ESPN Plus: Everything you need to know

ESPN’s streaming service, ESPN Plus, arrived last year, ushering in what is sure to be a new era of content delivery for Disney-owned properties. Before we list off the basics, though, we should start out by saying that, despite appearances, ESPN Plus is not a stand-alone streaming service, nor is it a replacement for your ESPN cable channel.

Instead, ESPN Plus gives users a new, mobile way to access ESPN content and live programming through the updated ESPN app. The new service differs from other streaming apps in a few key ways. Here’s everything cord-cutting sports fans needs to know about ESPN Plus.


For the first seven days, ESPN Plus won’t cost you a cent! There’s a free seven-day trial, so you can see if it’s right for you. If it is, there are two different subscription models — either $5 per month or $50 per year. While more expensive upfront, the yearly subscription model saves you $10 per year.

Watching live ESPN channels will still require a paid TV subscription (whether from cable, satellite, or a live TV streaming service). The app acts as a gatekeeper by requiring users to sign in with their TV provider account to enable live viewing. If you need help finding a streaming TV provider, take a look at our live TV streaming services guide.

If you decide the service isn’t meeting your needs, you can cancel your subscription at any time, no strings attached.


The service includes live MLB, NHL, NBA, and MLS games, as well as college sports, PGA golf, Top Rank Boxing, and Grand Slam Tennis matches. You’ll also find United Soccer League, cricket, rugby, Canadian Football League, English Football League, and UEFA Nations League games.

ESPN Plus is becoming a soccer fan’s best friend: In addition to the soccer content listed above, ESPN Plus has a multiyear deal with with the FA Cup — the oldest domestic cup tournament in the world — to stream English football matches in the U.S.

The app gives you access to scores, news, sports radio, podcasts, an on-demand library, and certain games and programming not available on ESPN’s cable channels — plus there’s a condensed, digital version of the network’s popular SportsCenter roundup each day.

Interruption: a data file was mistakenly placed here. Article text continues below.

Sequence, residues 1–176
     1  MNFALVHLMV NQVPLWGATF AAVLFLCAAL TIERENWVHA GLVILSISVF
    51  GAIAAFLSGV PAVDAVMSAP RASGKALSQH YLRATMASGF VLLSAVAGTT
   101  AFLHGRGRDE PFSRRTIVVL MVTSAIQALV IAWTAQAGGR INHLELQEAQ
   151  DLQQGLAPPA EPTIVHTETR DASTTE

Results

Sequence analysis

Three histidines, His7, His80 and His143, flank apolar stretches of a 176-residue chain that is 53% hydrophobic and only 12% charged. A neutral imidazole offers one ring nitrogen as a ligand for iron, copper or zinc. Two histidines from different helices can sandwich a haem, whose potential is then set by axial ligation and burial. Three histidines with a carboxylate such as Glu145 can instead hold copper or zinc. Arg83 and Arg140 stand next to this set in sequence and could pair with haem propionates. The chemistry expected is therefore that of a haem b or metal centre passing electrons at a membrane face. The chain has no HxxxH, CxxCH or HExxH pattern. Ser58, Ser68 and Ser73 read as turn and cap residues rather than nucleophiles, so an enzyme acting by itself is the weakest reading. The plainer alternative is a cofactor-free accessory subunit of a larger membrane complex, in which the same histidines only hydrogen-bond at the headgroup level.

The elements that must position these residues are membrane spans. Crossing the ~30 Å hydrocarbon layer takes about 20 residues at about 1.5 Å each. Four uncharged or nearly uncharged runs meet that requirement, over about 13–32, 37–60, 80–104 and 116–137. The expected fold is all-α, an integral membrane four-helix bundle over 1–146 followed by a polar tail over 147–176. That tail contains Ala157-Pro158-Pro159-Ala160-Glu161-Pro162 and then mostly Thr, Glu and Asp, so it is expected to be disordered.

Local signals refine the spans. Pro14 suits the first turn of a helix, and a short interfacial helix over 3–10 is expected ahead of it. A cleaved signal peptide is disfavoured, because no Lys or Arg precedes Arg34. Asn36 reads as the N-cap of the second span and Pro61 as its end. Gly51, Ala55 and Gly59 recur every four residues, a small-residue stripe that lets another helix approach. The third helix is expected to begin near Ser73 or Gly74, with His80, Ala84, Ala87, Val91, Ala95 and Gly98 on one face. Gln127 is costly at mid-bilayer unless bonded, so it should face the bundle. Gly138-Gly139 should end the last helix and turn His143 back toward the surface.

It also enhances your existing sports subscriptions — if you happen to subscribe to another premium sports streaming service, like or, you’ll be able to access out-of-market games through the ESPN app.


Critically for sports content, video can be streamed at up to 60 frames per second, though this will increase your data charges if you’re watching over a mobile connection. Unfortunately, one area where ESPN Plus is a lot like its cable channel sibling is advertising. Despite the subscription model, you’ll still encounter a limited number of ads while watching live programming.

On the bright side, if you happen to miss the first part of a game, you can watch live content from the beginning, even if you start watching late.


The ESPN app is available on almost every device and platform we can think of, including Android smartphones, Android TV, Chromecast, Fire TV, Fire TV Stick, Fire TV Cube, Fire TV Smart TVs, Fire/Kindle tablets, Apple TV, iPhone, iPad, Roku, Oculus Go, Xbox One, PlayStation 4, and Samsung Smart TVs. With any luck, platforms like LG’s WebOS, and Vizio’s SmartCast will be added soon, but Vizio owners can use their TV’s built-in Chromecast function for now.

That’s the quick-and-easy rundown of ESPN Plus and its features. The service is sure to evolve as time goes on, and we’ll keep you updated with all the important additions and changes. You can find out more about ESPN Plus on the ESPN Media Zone website. Users of iOS devices can download the ESPN app via iTunes, while Android users will find it on the Play Store.


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